Chris Downing tells Andrew Cowen why Birmingham can supply all the hits he needs.


There's not much that Chris Downing doesn't know about the Birmingham music scene.

For more than two years he has been broadcasting a weekly Brumcast over the internet, getting thousands of hits.

An early adopter of the now ubiquitous podcast formula, it's been Chris's mission to seek out the best unsigned music in the city and feed it to as wide an audience as possible.

"I had grown fed up with the music I was listening to on the radio," he tells me.

"After John Peel passed away, there seemed to be no way to find the more interesting stuff. It struck me that there are loads of bands in Birmingham and I didn't know what most of them sounded like, so I decided to do something about it.

"Along the way, I seem to have unleashed a monster."

Chris, 32, now receives up to 70 tracks a week to listen to and he finds that Brumcast is taking up most of his free time.

"It's hard to listen to it all," he admits. "I've recently come to an arrangement with the City University where students will be working with me as part of their media courses.

"I'd love to make a living from this but I'm currently making a loss. On the up-side, I do get to meet some terrific people."

Chris has this week started to supply The Birmingham Post website with a weekly Brumcast, accessible to download or stream through a snazzy cassette interface from our blogs and comment section.

"I'm really chuffed that The Post got in touch about hosting Brumcast," he tells me. "I'll try to do a full show every week, although wedding plans may get in the way in the short term.

"I've got enough stuff to go around and if it gets more listeners, then it's job done."

On average, 600 people download the show every week but the numbers who stream Brumcast is significantly higher, especially if the show has received a promotional push.

While many of the people who access the show are from the Midlands, Chris has noticed one strange trend.

"For some reason which I haven't been able to fathom, there are loads of people in Poland downloading and streaming the show.

"Maybe the word's getting back from Birmingham's Polish community that there's a great scene here."

Speaking of scenes, Chris has also noticed that there is no particular "Birmingham sound".

"Music here is so diverse," he says. "It strikes me that every band in Birmingham has its own little quirk."

He cites the much-tipped Johnny Foreigner and the live sensation Destroyers as just two bands who deserve greater success.

"It's criminal that the Destroyers aren't huge," he says."Live, they're fantastic. Such energy.

"Johnny Foreigner have been booked for the Levi's Ones To Watch Tour and I reckon they'll be big soon."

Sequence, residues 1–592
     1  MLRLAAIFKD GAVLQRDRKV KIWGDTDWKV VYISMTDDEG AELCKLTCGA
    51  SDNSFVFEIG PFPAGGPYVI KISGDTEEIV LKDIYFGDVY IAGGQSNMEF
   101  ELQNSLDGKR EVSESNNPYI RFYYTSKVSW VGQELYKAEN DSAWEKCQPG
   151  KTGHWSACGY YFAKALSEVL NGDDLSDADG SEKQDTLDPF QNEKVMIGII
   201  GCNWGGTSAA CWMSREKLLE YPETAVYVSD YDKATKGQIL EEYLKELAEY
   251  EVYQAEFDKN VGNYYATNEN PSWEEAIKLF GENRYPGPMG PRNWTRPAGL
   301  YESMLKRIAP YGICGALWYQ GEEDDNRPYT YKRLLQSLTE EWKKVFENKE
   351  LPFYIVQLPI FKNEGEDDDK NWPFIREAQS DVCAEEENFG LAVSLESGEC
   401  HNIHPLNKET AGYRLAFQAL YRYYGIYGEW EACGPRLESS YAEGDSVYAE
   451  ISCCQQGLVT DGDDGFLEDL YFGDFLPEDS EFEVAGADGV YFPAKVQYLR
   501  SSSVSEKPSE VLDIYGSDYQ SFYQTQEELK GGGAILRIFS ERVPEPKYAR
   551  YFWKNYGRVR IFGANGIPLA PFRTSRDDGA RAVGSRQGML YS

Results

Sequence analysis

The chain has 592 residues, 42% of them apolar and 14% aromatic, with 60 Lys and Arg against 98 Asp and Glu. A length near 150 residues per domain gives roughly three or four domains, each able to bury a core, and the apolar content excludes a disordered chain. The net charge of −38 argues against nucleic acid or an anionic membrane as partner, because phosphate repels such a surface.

Despite the wealth of talent in the city and surrounding area, Chris is frustrated that the larger record labels seem to give Birmingham a wide berth and that the city still remains out of fashion, despite acts like The Twang, The Editors and The Enemy, from Coventry, scoring significant hits.

"I have a theory," he tells me. "Because we're so close to London, record labels won't pay for a hotel so the A&R (talent scouts) men don't stop over.

"It would be a shame if that was true and it's certainly worrying."

The city has no choice but to do what it can to support an underground scene and there is a strong sense of community amongst new bands.

While the internet has been vital in spreading music on a global level, Chris believes that there is still much more to be done at the grass-roots level.

"We need more venues," he says. "Bands need places to play. It's as simple as that. Without an audience you're nothing.

"On top of that, I think the bands could be more proactive. I've been to gigs where the band was playing to only eight people.

"If you're just starting out and don't have much of a following, then you have to work at getting a crowd in."

Chris is also critical of the attitude of established record labels who don't have long-term vision.

"Labels are just not listening," he tells me. They need to talk to the people who are actually making the music.

"They have their eyes on short-term gains, not lasting success. This whole Pop Idol/X Factor thing is so damaging. It drives me insane. How many times do we have to listen to somebody murdering Unchained Melody?"

Despite this, Chris agrees that he provides a valuable service.

"I know that local radio listens to my pod-cast for purposes of research, which is good for the scene.

"Sometimes I have A&R men come to see me. I always ask them to give me a job."

Of the hundreds of people I talk to each year, Chris is easily the most enthusiastic about music. He's on a mission to lift the city's scene to a new level and he will succeed.

> Click here for the Brumcast